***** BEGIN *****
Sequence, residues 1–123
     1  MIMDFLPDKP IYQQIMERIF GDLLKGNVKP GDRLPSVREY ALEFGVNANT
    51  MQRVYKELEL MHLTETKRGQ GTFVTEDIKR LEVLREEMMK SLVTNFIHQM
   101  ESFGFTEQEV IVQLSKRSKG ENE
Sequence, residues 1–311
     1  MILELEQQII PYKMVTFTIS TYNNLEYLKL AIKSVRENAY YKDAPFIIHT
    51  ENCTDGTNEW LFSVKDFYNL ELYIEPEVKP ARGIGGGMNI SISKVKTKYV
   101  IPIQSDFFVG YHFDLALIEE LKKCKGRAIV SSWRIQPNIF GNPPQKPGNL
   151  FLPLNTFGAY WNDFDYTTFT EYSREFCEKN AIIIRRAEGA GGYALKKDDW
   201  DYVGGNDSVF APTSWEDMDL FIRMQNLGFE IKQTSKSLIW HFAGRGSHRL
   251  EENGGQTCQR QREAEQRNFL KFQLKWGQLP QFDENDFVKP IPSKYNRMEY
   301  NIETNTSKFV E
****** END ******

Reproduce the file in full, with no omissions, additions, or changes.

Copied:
Sequence, residues 1–123
     1  MIMDFLPDKP IYQQIMERIF GDLLKGNVKP GDRLPSVREY ALEFGVNANT
    51  MQRVYKELEL MHLTETKRGQ GTFVTEDIKR LEVLREEMMK SLVTNFIHQM
   101  ESFGFTEQEV IVQLSKRSKG ENE
Sequence, residues 1–311
     1  MILELEQQII PYKMVTFTIS TYNNLEYLKL AIKSVRENAY YKDAPFIIHT
    51  ENCTDGTNEW LFSVKDFYNL ELYIEPEVKP ARGIGGGMNI SISKVKTKYV
   101  IPIQSDFFVG YHFDLALIEE LKKCKGRAIV SSWRIQPNIF GNPPQKPGNL
   151  FLPLNTFGAY WNDFDYTTFT EYSREFCEKN AIIIRRAEGA GGYALKKDDW
   201  DYVGGNDSVF APTSWEDMDL FIRMQNLGFE IKQTSKSLIW HFAGRGSHRL
   251  EENGGQTCQR QREAEQRNFL KFQLKWGQLP QFDENDFVKP IPSKYNRMEY
   301  NIETNTSKFV E